By Bruce Krasnow| The New Mexican
Posted: Wednesday, April 14, 2010 – 4/
Article syndicated from The New Mexican, click here for the original article.
Home sales bounced a bit in the first quarter of 2010, with sale volumes increasing across all sectors of the Santa Fe market, according to several measures.
The Santa Fe Association of Realtors reported Wednesday that the total volume of city-county detached home sales increased 16 percent from a year ago to 205. While the median sales price in the unincorporated area fell, prices of homes sold inside the city were up some 50 percent to $464,000.
The numbers are year-over-year comparisons, and 2009 was the worst year for home sales in at least a decade. The number of sales in the first quarter is still down more than half from its peak in 2006.
But considering Santa Fe’s cold, snowy weather in January, February and March and that overall prices lifted, the statistics show the market has come off the 2009 bottom.
“All segments of the market at moving,” association president Lois Sury said. “It seems to be across the board.”
Like elsewhere in the United States, the federal government’s homebuyer tax credit — up to $8,000 for new buyers and $6,500 for current owners buying again — helped first-quarter sales, though it will be months before anyone knows the number of buyers in each state who have claimed the money.
Homes must be under contract by April 30 to qualify for the tax break — and that sent March sales up 34 percent in Albuquerque and 54 percent in Rio Rancho, according to the New Mexico Business Weekly. In Santa Fe, the quarter was more even, with volume increases all three months.
In Santa Fe, the incentive has helped many empty-nest couples who may have wanted to sell a larger home and move into a smaller house, condo or townhome, said Sury, as sales of those units more than doubled from a year ago.
“I’ve helped families like that,” said Sury. “They want something small here. We’ve seen those buyers come back into the market.”
Alan Ball said the March sales numbers in Santa Fe are “kind of a big deal” because the 2010 number beat both the 2009 and 2008 sales numbers. He also said the high-end market showed momentum for the first time in two years, with 18 sales over $1 million.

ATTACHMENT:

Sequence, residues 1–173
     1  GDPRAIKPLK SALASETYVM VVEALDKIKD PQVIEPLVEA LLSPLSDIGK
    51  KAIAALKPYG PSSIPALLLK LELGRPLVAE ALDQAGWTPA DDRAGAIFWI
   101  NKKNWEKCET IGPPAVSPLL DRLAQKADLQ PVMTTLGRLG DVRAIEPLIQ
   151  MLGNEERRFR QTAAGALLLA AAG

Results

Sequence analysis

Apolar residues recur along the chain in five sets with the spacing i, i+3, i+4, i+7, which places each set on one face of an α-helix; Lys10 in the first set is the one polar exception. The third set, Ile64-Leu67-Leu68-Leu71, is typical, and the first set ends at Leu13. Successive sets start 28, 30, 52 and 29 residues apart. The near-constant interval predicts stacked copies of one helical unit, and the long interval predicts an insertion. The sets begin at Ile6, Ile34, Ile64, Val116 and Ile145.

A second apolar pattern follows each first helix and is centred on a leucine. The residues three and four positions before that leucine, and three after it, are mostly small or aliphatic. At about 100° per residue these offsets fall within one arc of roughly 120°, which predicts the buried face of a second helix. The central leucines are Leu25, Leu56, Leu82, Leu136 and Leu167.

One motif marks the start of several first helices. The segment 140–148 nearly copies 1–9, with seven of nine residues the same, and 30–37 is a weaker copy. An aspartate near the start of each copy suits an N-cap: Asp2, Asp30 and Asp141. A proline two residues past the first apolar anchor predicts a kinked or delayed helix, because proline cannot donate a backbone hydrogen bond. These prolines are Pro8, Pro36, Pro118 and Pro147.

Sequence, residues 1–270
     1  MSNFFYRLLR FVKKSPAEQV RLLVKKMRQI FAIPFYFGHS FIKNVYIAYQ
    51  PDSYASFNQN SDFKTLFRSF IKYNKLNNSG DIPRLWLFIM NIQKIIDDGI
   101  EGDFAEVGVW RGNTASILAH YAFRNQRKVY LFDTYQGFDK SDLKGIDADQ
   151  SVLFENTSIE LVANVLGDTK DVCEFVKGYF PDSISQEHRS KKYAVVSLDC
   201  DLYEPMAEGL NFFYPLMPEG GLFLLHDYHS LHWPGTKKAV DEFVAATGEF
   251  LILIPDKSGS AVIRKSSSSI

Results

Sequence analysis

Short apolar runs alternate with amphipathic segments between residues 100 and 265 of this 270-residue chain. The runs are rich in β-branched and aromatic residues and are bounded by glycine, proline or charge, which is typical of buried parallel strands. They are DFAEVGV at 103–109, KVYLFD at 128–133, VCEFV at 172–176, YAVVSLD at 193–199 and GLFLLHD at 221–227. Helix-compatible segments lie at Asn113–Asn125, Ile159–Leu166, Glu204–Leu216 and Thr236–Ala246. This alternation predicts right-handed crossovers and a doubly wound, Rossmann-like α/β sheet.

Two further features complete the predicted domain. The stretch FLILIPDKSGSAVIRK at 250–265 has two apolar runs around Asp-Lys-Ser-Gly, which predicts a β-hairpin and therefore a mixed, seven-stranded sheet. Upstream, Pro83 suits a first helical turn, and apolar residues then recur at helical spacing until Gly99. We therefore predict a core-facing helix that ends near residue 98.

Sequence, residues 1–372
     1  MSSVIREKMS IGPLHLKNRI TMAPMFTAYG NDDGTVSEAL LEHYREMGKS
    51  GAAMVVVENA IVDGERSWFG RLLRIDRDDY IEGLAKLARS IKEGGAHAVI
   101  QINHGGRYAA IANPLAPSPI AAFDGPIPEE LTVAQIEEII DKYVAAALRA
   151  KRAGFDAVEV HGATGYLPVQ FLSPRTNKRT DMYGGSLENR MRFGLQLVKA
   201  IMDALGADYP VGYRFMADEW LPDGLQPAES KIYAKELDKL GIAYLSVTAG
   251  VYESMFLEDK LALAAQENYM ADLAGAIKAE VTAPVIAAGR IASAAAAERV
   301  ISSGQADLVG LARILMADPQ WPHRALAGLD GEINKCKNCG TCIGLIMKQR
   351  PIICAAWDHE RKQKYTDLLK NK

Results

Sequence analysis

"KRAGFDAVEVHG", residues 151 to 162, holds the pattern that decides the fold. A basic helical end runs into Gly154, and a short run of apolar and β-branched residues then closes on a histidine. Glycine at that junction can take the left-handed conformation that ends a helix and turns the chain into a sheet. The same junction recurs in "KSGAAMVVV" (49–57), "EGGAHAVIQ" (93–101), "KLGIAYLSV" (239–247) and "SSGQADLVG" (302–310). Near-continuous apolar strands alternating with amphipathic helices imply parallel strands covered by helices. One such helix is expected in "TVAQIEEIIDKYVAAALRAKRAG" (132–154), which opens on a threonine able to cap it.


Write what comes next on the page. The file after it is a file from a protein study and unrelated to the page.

Some of it is the homebuyer tax credit, said Ball, who publishes a monthly newsletter on the Santa Fe real estate market, but it’s also a sign the market is righting itself.
“What some people wanted last summer (in asking price) is now even lower,” Ball said. “That’s what buyers are seeing and acting on.”
There were some wide fluctuations in the county’s median prices. Some of that is because the new homes in Rancho Viejo are being targeted to first-time buyers, with some selling for under $200,000, to take advantage of the tax credit.
The other big decline is Las Campanas, where luxury home prices have reset.
Sellers are more realistic, said Kay Sutt, a real estate appraiser. “The closer to balance our market comes, the quicker we’ll recover,” she said.
The fact that sales volume was strong despite terrible weather is another plus, Sutt said about the first quarter.
She is not seeing a “a magical healing” of Santa Fe’s market from the federal tax credit, but a lot of things going on are positive, including low interest rates, cheaper land and labor costs.
On that point, Donna Reynolds, chief executive of the Realtors Association, said the number of inquiries coming into the association office were the highest they’d ever been after The New York Times published a travel story about Santa Fe style reinventing itself and a large image of the new Railyard Park.
Sill, longer-term numbers compiled by the Realtors indicate how far sales tumbled from earlier years.
The number of single-family homes sold countywide in 2009, for instance, was 966, which was less than the 1,437 sold in the year 2000 and half the 1,996 sold at the 2005 market peak.
Likewise, the total sales volume in 2009 was $540 million, slightly higher than the start of the decade, but a huge decline from the $1.2 billion in 2006.
Median sales prices started the decade at $235,000, peaked at $425,000 in 2007 and stood at $356,000 at the end of 2009.
New single-family home permits in the city of Santa Fe were flat in the first quarter, 48 in the period, up from 44 a year ago, said city planner Reed Liming. Eighteen of the 2010 permits were for multifamily attached homes, he added, with six of those going to a new complex at Paseo de Peralta near Washington Avenue.